Breast cancer is the second most common kind of cancer in women and the most commonly diagnosed cancer among African American women. About 1 in 8 women born today in the United States will get breast cancer at some point. It has the highest mortality rate of any cancer in women between the ages of 20 and 59. However in women younger than 45, breast cancer incidence is higher among African American women than White women.
The good news is that most women can survive breast cancer if it’s found and treated early. A mammogram – the screening test for breast cancer – can help find breast cancer early when it’s easier to treat.
The first symptoms of breast cancer are usually an area of thickened tissue in the breast or a lump in the breast or in an armpit. Other symptoms include a pain in the armpits or breast that does not change with the monthly cycle, pitting or redness of the skin of the breast, like the skin of an orange, a rash around or on one of the nipples, a discharge from a nipple, possibly containing blood, a sunken or inverted nipple, a change in the size or shape of the breast, peeling, flaking, or scaling of the skin on the breast or nipple. Most lumps are not cancerous, but women should have them checked by a health care professional.
During this COVID-19 pandemic, people with breast cancer or being treated with breast cancer need to be very careful not to get the disease. Some breast cancer treatments — including chemotherapy, targeted therapies, and immunotherapy — can weaken the immune system and possibly cause lung problems. People who have weakened immune systems or lung problems have a much higher risk of complications if they become infected with this virus.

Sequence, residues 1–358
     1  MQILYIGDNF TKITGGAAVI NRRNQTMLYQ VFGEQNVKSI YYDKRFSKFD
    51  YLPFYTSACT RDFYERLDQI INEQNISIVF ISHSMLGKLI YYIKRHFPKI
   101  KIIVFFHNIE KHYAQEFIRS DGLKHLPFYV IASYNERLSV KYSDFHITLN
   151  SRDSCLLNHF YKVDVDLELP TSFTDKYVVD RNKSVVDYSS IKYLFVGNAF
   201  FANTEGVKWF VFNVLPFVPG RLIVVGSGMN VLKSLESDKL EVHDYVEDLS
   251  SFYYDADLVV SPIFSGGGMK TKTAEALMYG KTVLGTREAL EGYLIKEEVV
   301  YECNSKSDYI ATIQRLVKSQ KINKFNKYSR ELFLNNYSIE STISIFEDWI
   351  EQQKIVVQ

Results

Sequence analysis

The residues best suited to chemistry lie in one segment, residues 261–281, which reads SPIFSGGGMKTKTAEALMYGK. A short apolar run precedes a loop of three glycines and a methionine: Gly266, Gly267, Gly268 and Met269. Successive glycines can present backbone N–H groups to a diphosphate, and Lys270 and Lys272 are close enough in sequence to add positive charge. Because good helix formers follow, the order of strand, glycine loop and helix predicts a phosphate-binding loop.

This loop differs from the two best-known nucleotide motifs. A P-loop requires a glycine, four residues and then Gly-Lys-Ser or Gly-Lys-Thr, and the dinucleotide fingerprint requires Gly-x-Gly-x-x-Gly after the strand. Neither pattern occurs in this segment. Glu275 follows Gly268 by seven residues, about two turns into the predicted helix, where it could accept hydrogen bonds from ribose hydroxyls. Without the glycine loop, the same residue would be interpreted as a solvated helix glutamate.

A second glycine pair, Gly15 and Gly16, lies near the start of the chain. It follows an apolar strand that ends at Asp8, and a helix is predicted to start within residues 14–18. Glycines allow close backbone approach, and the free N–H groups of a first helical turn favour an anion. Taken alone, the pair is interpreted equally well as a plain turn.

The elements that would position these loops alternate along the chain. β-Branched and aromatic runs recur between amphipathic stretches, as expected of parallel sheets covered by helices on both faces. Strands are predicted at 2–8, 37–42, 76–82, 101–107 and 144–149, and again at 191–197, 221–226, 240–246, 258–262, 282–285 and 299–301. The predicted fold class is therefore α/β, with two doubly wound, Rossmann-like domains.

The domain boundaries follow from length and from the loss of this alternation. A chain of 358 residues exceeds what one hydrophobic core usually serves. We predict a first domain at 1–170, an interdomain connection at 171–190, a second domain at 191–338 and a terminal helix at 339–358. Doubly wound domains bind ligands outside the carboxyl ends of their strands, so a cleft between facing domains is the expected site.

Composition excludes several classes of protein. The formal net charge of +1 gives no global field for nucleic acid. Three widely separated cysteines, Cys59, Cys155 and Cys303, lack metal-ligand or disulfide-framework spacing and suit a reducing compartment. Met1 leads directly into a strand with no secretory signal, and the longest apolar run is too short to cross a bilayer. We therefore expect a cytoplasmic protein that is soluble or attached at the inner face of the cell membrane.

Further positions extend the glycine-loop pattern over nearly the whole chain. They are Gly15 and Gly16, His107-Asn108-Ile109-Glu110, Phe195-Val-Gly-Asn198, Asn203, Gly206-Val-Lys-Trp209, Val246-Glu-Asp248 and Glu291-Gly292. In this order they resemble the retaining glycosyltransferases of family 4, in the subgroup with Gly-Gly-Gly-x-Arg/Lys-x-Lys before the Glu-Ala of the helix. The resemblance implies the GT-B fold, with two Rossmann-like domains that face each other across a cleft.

All women can help reduce their risk of breast cancer by avoiding weight gain and obesity, engaging in regular physical activity and minimizing alcohol intake. Women should consider the increased risk of breast cancer associated with combined estrogen and progestin hormone therapy use when evaluating treatment options for menopausal symptoms. In addition, recent research indicates that long-term, heavy smoking may also increase breast cancer risk, particularly among women who start smoking before their first pregnancy. Regular checks and screening help detect symptoms early. Always discuss your options with your doctor.